Series on American Religions Offers Concise Insights


By Claudia Bushman and

Richard Bushman

Oxford U. Press

144 pp., $21


By Edwin S. Gaustad

160 pp., $21


By Hasia R. Diner

144 pp., $21

Why does America work?

The world is torn by religious and ethnic warfare, today as down through history. Yet the nation made up of a multitude of ethnic groups and perhaps the greatest religious diversity is not.

It's certainly not that Americans are free of bigotry - or ever have been.

Much of the answer lies in 16 little words - the religious liberty clause of the First Amendment to the US Constitution: "Congress shall make no law respecting an establishment of religion, or prohibiting the free exercise thereof."

It's sometimes forgotten that the Colonial period in America was as fraught with religious persecution as the shores early settlers had left behind: Baptists were flogged and Quakers were executed in Boston, Presbyterians were jailed and Jews were exiled in New York, Anglicanism was pushed as the state-sanctioned church in Virginia.

Religious liberty became as crucial to the forefathers as political liberty, and Thomas Jefferson and James Madison led the way. Believing that religious freedom was the foundation on which all other freedoms rested, Jefferson composed a bill for establishing religious freedom, which led to the First Amendment. He thought it so essential that he requested he be remembered on his tombstone for only two documents - that bill and the Declaration of Independence.

Conflict that consumed Europe for centuries was thus avoided in the new United States. "In place of religious warfare, Americans have substituted discussion and debate," says Edwin Gaustad in Church and State in America, the first in a new 17-volume series from Oxford University Press by distinguished historians on religion in American life.

The series, to be launched next month with three volumes, is written primarily for junior high and high school students for use in schools, libraries, and for home schooling. Virtually nothing has been available for that age level, says Jon Butler, professor of history and religion at Yale University, who, along with Harry Stout, professor of American Christianity at Yale, conceived and is editing the series. (Freedom Forum First Amendment Center of Vanderbilt University is producing a teacher guide for each volume.)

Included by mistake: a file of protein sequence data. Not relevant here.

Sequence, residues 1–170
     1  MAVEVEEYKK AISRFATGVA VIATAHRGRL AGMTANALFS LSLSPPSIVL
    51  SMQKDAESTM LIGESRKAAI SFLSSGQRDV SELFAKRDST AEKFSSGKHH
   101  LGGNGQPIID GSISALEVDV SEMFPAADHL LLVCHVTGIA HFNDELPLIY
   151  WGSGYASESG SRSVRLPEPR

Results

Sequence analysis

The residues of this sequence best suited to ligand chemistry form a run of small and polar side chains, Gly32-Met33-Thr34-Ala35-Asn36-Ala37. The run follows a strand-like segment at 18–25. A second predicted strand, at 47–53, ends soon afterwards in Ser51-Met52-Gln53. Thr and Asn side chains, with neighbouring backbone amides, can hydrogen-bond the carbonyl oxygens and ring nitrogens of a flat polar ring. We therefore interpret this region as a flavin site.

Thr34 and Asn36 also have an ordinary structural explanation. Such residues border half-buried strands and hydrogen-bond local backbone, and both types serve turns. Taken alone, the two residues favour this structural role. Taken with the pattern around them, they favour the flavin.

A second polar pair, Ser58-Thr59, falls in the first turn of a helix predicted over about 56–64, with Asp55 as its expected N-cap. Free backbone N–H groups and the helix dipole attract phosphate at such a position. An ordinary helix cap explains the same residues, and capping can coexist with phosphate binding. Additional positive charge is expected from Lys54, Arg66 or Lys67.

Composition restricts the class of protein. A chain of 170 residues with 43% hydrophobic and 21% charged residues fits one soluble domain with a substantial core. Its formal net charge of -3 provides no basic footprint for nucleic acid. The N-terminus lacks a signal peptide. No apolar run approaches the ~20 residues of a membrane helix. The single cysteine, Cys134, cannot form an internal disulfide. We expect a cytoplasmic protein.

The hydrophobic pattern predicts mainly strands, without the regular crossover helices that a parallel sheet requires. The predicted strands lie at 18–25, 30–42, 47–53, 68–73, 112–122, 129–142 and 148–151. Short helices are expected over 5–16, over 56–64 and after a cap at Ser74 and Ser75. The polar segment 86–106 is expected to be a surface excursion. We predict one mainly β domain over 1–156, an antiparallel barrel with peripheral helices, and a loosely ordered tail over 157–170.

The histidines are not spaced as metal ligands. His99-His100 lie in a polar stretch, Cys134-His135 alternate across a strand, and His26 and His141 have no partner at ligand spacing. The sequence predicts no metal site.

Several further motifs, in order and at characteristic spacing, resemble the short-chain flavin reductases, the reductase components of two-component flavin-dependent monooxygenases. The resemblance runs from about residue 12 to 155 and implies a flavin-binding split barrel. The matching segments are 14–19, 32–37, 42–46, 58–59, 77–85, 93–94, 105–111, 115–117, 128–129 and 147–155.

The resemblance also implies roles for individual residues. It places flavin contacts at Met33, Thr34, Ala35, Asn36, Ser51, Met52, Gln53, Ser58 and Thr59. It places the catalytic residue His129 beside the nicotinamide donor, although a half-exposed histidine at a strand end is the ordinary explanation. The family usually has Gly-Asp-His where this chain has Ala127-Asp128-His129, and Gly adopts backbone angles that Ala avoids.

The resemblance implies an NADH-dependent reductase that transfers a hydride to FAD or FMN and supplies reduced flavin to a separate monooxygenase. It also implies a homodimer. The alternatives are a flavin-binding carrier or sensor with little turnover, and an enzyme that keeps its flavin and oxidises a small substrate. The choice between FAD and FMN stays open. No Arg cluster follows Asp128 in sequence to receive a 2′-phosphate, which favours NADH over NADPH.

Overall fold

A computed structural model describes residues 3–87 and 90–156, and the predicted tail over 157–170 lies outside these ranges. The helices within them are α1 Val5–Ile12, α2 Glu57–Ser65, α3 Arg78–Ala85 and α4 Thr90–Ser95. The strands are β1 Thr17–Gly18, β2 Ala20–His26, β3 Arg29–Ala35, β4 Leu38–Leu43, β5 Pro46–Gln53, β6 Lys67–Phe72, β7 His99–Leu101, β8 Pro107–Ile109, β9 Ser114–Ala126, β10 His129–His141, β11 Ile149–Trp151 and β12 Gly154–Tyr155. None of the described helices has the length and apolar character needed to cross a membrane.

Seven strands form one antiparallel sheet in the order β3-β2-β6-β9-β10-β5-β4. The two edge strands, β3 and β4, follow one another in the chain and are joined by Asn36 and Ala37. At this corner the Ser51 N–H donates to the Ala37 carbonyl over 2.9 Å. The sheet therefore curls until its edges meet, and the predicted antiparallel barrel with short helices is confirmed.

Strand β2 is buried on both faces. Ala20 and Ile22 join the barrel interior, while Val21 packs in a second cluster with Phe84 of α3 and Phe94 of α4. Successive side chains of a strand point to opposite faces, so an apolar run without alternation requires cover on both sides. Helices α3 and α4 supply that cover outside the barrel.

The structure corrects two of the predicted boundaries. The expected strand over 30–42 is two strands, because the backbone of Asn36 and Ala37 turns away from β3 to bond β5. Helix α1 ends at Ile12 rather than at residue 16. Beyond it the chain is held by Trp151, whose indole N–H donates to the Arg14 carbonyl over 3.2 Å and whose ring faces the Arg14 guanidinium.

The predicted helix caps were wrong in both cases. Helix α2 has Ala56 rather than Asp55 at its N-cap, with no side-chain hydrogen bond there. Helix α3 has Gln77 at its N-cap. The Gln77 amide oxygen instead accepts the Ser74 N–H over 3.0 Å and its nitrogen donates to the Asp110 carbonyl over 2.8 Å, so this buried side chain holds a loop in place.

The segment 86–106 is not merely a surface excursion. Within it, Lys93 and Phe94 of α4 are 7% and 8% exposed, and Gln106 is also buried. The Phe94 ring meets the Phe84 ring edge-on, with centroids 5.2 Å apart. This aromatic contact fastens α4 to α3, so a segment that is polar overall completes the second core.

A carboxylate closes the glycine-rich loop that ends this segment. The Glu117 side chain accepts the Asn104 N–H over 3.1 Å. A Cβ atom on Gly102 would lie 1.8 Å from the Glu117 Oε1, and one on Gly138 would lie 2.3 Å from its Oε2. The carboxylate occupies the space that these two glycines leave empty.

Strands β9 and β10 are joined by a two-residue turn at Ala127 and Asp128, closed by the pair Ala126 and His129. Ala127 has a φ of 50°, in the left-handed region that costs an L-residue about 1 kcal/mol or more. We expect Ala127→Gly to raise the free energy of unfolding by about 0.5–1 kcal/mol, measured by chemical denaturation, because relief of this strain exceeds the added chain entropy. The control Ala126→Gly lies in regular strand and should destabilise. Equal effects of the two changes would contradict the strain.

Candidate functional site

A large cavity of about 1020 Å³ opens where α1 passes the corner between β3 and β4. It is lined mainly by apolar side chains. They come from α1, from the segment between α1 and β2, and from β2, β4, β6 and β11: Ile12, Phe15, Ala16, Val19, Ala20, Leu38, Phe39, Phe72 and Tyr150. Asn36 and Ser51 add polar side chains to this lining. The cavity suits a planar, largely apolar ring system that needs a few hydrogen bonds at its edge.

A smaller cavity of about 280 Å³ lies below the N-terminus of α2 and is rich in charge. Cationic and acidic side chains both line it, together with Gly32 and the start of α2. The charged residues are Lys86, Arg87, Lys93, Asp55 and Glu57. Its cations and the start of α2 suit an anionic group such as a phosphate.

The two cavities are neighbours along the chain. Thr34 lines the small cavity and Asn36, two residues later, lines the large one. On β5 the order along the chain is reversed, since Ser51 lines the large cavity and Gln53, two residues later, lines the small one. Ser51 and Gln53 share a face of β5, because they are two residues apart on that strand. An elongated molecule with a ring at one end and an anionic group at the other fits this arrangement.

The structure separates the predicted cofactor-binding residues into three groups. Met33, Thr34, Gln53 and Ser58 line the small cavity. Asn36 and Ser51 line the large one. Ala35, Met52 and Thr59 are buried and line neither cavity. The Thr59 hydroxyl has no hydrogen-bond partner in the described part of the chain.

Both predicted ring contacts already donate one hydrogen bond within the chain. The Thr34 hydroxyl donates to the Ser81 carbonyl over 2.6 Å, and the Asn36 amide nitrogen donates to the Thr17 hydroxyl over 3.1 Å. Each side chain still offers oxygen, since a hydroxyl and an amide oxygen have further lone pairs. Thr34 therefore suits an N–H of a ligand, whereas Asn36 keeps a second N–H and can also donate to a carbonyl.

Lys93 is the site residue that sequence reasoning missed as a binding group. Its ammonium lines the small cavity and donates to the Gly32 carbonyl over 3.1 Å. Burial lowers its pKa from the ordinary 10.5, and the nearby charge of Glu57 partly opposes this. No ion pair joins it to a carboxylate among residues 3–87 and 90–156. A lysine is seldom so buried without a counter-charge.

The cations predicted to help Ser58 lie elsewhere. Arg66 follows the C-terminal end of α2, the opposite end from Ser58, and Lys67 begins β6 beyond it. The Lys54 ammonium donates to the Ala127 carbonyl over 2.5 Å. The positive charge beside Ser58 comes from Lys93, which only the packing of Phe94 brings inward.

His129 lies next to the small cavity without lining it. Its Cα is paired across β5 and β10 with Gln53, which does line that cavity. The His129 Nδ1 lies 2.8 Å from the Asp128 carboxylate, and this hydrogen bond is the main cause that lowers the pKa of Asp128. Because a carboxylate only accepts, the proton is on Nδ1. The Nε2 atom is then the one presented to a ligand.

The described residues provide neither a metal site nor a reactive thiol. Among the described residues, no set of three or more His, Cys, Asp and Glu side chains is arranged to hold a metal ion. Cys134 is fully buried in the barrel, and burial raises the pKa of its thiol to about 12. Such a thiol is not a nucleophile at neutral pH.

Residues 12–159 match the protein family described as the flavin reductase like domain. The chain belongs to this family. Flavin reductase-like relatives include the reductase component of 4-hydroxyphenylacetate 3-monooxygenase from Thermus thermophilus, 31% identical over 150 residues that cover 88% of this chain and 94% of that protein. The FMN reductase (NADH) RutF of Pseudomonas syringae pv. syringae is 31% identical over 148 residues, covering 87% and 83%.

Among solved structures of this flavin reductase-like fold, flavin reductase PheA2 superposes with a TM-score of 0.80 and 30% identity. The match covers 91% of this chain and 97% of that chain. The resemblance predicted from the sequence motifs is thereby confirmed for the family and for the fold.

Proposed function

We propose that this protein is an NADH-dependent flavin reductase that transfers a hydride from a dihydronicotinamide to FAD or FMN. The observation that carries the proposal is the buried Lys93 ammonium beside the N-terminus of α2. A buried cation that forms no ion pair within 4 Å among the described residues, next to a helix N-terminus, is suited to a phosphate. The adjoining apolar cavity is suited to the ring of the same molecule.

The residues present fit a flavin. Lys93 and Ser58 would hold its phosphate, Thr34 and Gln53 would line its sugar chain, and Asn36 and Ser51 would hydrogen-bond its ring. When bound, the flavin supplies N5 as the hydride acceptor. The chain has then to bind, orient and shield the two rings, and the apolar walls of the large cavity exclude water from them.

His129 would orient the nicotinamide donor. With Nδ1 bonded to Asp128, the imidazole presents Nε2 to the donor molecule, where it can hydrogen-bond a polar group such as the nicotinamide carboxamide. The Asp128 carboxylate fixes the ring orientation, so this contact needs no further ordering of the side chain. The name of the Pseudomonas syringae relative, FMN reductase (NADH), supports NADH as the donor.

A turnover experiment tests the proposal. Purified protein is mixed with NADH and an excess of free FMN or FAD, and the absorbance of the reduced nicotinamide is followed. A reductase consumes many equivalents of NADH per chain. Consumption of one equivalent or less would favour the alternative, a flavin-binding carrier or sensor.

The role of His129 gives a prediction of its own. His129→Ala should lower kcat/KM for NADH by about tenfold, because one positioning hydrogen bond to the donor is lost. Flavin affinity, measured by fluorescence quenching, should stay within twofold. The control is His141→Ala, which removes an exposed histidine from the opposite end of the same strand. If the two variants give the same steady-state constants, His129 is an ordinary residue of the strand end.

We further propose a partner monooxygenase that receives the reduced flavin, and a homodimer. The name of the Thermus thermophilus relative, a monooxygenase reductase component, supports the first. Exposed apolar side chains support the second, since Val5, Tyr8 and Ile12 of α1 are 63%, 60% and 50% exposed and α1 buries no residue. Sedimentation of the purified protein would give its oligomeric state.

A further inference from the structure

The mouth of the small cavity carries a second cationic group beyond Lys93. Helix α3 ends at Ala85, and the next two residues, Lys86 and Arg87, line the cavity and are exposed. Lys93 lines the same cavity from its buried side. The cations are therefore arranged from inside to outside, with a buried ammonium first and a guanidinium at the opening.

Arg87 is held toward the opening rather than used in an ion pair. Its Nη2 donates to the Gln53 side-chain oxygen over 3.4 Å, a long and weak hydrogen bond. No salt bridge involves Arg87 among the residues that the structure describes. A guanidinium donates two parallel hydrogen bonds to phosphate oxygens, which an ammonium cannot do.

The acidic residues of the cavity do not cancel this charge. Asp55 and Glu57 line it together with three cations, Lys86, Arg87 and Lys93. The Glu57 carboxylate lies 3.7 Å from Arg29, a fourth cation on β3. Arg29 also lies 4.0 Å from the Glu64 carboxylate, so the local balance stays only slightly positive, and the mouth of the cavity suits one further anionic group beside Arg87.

In addition to three volumes covering historical periods, the series will include denominational volumes and topical volumes (native Americans, African-Americans, women, immigration).

The first, "Church and State in America," is a lucid primer for understanding today's debates on religious freedom as Congress passes laws in response to Supreme Court decisions and groups press for a constitutional amendment.

In surveying the "American experiment" from 1500 to the present, it reveals how challenging the interpretation of the religious liberty clause has been - and how the court has reversed itself on several occasions. It shows how crucial those guarantees have been over the past 200 years for minority faiths. The other initial volumes present the sagas of two of those faiths - those of Jews and Mormons.

Jews in America, by Hasia R. Diner, tells the fascinating story of how an ancient faith, despite trials, flourished and was reshaped in a new land: from the first Jews that arrived in the 17th century from Spain via a period in Brazil; to the creation of Reform, Conservative, and Reconstructionist Judaism in response to life in democratic America; to the ordination of the first woman rabbi.

Mormons in America tells the remarkable story of how a new religion was born, developed amid persecution and hardship, and became one of the world's fastest growing faiths. Along with the riveting pioneer tale of settlement in Utah, the struggles for acceptance within US society, and renunciation of polygamy, it gives great insight into Mormon beliefs and the elaborate organization of community life that is a hallmark of the faith.

The first three texts are concise (about 150 pages each), engagingly written, and well illustrated.

If the series maintains the same quality, it promises to be a lively and accessible read for anyone interested in the various human dramas that constitute America's religious journey.

As religious diversity is now growing in the US, and some are concerned about what values will hold the country together, a series that explains Americans clearly to one another is something to be valued.

* Jane Lampman is the Monitor's religion and ethics writer.

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